Business, Finance & Economics

Hungry polar bear kills and eats a cub


Earlier studies have shown that polar bears are swimming hundreds of miles to reach solid ice or land, but a new study demonstrates that the longer swims increase cub mortality.


Bill Pugliano

An environmental photographer has managed to capture an image of a large, adult polar bear dragging the body of a bloody cub across the Arctic ice. The polar bear has used its teeth to grab the cub, which it presumably just killed, at the scruff of its neck.

Polar bears normally eat seals, but they have had to resort to other options because climate change has left them with less sea ice and therefore less available space or platforms on which to hunt for seals, the photographer, Jenny Ross, told scientists gathered at the 2011 American Geophysical Union (AGU) Fall Meeting, as reported by the BBC.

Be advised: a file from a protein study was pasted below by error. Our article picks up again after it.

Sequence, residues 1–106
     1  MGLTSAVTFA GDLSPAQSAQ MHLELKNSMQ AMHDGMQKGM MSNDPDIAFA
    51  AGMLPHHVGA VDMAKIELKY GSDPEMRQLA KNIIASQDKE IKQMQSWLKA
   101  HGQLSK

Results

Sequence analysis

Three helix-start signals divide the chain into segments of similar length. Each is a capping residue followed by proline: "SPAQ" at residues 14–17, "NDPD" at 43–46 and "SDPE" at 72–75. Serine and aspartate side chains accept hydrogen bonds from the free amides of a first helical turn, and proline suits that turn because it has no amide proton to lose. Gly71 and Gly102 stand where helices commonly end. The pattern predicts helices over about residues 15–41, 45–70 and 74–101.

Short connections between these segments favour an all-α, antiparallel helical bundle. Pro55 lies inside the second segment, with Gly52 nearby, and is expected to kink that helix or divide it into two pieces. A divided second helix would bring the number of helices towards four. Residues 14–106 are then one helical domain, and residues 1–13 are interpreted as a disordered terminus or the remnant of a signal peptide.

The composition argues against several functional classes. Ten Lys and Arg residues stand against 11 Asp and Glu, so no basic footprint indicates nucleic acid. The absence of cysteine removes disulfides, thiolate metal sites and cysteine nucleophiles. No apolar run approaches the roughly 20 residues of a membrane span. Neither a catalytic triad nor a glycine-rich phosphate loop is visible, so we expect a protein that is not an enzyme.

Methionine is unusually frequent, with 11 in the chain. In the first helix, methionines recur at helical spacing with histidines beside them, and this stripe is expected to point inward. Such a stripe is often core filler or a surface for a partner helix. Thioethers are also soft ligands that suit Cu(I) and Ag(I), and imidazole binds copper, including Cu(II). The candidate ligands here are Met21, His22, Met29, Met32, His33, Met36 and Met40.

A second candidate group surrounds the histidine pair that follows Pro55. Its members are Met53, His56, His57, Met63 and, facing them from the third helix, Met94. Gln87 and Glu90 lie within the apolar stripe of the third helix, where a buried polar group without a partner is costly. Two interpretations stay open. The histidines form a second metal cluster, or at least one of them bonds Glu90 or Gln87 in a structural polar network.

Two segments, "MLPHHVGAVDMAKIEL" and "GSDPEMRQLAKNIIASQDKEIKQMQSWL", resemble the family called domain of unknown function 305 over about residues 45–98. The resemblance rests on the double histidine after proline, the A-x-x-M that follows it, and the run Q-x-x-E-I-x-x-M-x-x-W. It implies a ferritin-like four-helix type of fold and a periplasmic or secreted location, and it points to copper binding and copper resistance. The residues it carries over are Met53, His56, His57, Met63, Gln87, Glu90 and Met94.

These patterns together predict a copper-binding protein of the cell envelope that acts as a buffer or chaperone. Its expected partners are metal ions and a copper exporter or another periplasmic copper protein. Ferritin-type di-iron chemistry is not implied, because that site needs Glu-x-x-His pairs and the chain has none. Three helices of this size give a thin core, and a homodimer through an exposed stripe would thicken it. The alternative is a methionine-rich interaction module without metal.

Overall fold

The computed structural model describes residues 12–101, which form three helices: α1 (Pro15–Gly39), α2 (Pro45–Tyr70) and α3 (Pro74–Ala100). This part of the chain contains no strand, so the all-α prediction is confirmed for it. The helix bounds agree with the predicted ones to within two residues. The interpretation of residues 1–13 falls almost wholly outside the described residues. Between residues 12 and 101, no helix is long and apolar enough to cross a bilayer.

Observers have long known that adult male polar bears sometimes prey on cubs or females, however, Ross's report states that the warming temperatures may be causing this to happen more often, MSNBC reported.

The bears have been left with no choice but to eat human garbage and human foods, seabirds and their eggs and in some cases, young and vulnerable polar bear cubs.

"This type of intraspecific predation has always occurred to some extent," she told BBC News.

"However, there are increasing numbers of observations of it occurring, particularly on land where polar bears are trapped ashore, completely food-deprived for extended periods of time due to the loss of sea ice as a result of climate change.

In other polar bear news, a Canadian senator campaigned last month to have the polar bear replace the beaver as the country's national emblem.

"A country's symbols are not constant and can change over time," Nicole Eaton, a Canadian senator and Conservative party member, told Reuters. 

"The polar bear, with its strength, courage, resourcefulness and dignity is perfect for the part."

More from GlobalPost: Polar bear fights to be Canada's national emblem